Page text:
Nascot Lawn respite centre wins High Court reprieve

Nascot Lawn, the only respite centre in Hertfordshire for children with complex needs, was due to close in May. Herts Valleys Clinical Commissioning Group announced in November that it was withdrawing funding for this vital service.

Several parents got together to fight this ruling. And yesterday, the High Court found that Herts Valley CCG needs to work with Hertfordshire County Council on the future plan for Nascot Lawn. Funding is now guaranteed until August. If they cannot reach an agreement on keeping Nascot Lawn open, Hertfordshire County Council can refer the matter to the Secretary of State for Health.

The Disabled Children’s Partnership has been supporting families in their fight to keep Nasccot Lawn open. They write that

The ruling has important implications across the country, and underlines the need for the Government to review the funding and availability of short break services.

Parents of disabled children already have highly stressful lives. I can only imagine the increased pressure these families have been experiencing during this legal battle. Liberal Democrat President Baroness Sal Brinton has been supporting local Watford families in this appeal. She is pictured above celebrating the High Court judgement with families.

Last month, Hampshire County Council announced the closure of two respite centres, in Aldershot and Kingsworthy, for children with complex needs.

Austerity cuts have gone much too far. Cutting vital services for the most vulnerable among us is deplorable. The fact that this uncertainty will continue to hang over these children and their families until a long-term solution is found calls into question the entire way we approach care.

A child with a complex disability has no control over their life. Their parents are saints, already giving more than they probably ever thought they had to give. Respite care enables these children to stay in the family home. Without respite, many parents could not continue to cope. Many more children would enter the care system. The damage would be manifold. Broken families. Greatly increased care costs.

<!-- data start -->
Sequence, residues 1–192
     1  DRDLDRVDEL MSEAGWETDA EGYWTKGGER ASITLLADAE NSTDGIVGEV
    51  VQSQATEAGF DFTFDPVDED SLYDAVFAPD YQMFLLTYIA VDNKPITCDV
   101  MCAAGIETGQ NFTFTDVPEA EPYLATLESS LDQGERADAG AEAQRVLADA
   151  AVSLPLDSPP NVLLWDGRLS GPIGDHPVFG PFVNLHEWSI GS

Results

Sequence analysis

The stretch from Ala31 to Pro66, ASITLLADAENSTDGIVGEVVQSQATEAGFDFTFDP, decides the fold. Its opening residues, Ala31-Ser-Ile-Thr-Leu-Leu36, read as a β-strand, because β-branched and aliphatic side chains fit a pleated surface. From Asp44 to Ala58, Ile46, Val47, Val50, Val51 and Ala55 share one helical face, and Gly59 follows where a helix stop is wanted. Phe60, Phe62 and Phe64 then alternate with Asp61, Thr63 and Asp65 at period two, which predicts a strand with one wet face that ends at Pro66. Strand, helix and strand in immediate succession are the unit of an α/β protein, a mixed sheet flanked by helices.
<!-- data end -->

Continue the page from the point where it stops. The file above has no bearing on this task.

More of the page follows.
We need a joined-up approach to disability provision – health and social care need complete integration so that children can be looked after by their families but with respite for their carers.

Please consider signing the Disabled Children’s Partnership’s petition, calling on the Government to review the funding and availability of short breaks services.

* Kirsten Johnson was the PPC for Oxford East in the 2017 General Election. She is a pianist and composer at www.kirstenjohnsonpiano.com.

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2 Comments

  • A harrowing tale of real distress for these parents, Kirsten.

    I echo your conclusion that ” We need a joined-up approach to disability provision – health and social care need complete integration so that children can be looked after by their families but with respite for their carers.”

    I do think, however, that these vital services need to be under the full control of local authorities though and safeguarded from centralised budget cuts. This would mean much greater devolution of tax raising powers to local authorities to avoid the axe falling from Whitehall.

  • Helen Dudden 26th Feb '18 - 8:47am

    I know there are many problems resulting from these cuts. I have just been making comments on the lack of hydrotherapy provision. Why is it so difficult to understand the benefits? I find it soothes my discomfort, another person I know, says you leave behind in the very warm water.
    Parents and carers do need support, and again, it’s difficult to get some understanding.

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